Gal. iii. 12.--"The law is not of faith; but the man that doeth them shall live in them."--Gen. ii. 17.--"But of the tree of the knowledge of good and evil, thou shalt not eat of it; for in the day that thou eatest thereof, thou shalt surely die." The Lord made all things for himself, to show forth the glory of his name; and man in a more eminent and special manner, for more eminent manifestations of himself; therefore all his dealings towards men, whether righteous or sinful, do declare the glory
Hugh Binning—The Works of the Rev. Hugh Binning

The Disciple, -- Sometimes this Question is Asked, "Since God is Fully Aware of Our...
The Disciple,--Sometimes this question is asked, "Since God is fully aware of our needs, and knows how to supply them in the best way, not for the good only but for the evil, how should we pray to Him about them? Whether our necessities be temporal or spiritual, can we by our prayers alter the will of God?" The Master,--1. Those who ask such a question show clearly that they do not know what prayer is. They have not lived a prayerful life, or they would know that prayer to God is not a form of begging.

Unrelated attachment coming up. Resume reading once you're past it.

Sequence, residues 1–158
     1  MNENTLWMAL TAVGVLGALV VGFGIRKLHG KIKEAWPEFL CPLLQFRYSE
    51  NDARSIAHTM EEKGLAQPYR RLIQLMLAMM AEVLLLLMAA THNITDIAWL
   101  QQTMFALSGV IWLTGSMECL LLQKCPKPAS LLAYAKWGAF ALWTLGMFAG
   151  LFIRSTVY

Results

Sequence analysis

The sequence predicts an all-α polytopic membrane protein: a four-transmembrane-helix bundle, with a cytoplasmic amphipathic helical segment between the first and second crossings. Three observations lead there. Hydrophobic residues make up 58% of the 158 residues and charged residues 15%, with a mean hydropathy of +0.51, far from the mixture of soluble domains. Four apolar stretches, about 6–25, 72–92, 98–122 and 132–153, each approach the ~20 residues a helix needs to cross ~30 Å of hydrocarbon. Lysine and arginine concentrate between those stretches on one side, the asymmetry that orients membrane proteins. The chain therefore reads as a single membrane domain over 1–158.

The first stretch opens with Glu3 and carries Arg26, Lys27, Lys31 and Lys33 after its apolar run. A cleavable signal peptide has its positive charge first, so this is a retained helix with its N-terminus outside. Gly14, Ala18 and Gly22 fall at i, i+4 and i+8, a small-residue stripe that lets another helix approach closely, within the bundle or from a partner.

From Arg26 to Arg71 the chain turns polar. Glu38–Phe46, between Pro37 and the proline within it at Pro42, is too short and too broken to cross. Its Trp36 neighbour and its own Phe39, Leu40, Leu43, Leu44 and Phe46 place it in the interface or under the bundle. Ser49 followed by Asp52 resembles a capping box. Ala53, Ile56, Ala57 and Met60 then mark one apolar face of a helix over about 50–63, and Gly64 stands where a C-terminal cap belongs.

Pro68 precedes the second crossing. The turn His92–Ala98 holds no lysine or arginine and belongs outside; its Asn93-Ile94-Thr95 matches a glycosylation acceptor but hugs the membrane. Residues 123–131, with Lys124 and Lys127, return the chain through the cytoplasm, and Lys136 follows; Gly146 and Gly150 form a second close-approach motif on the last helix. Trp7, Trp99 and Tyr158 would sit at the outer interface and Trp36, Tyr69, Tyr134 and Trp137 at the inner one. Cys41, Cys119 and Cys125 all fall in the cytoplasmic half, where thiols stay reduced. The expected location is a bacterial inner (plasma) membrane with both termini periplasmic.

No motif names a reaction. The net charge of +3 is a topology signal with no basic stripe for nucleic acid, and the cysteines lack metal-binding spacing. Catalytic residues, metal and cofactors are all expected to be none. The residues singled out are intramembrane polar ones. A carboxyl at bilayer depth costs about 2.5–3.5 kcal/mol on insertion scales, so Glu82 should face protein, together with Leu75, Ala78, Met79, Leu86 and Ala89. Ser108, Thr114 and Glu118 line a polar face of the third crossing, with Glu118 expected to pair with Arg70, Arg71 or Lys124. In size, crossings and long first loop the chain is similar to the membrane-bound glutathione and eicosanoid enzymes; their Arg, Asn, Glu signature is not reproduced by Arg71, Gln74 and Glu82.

Sadhu Sundar Singh—At The Master's Feet

The Covenant of Works
Q-12: I proceed to the next question, WHAT SPECIAL ACT OF PROVIDENCE DID GOD EXERCISE TOWARDS MAN IN THE ESTATE WHEREIN HE WAS CREATED? A: When God had created man, he entered into a covenant of life with him upon condition of perfect obedience, forbidding him to eat of the tree of knowledge upon pain of death. For this, consult with Gen 2:16, 17: And the Lord commanded the man, saying, Of every tree of the garden thou mayest freely eat; but of the tree of the knowledge of good and evil, thou shalt
Thomas Watson—A Body of Divinity

The Paradise of God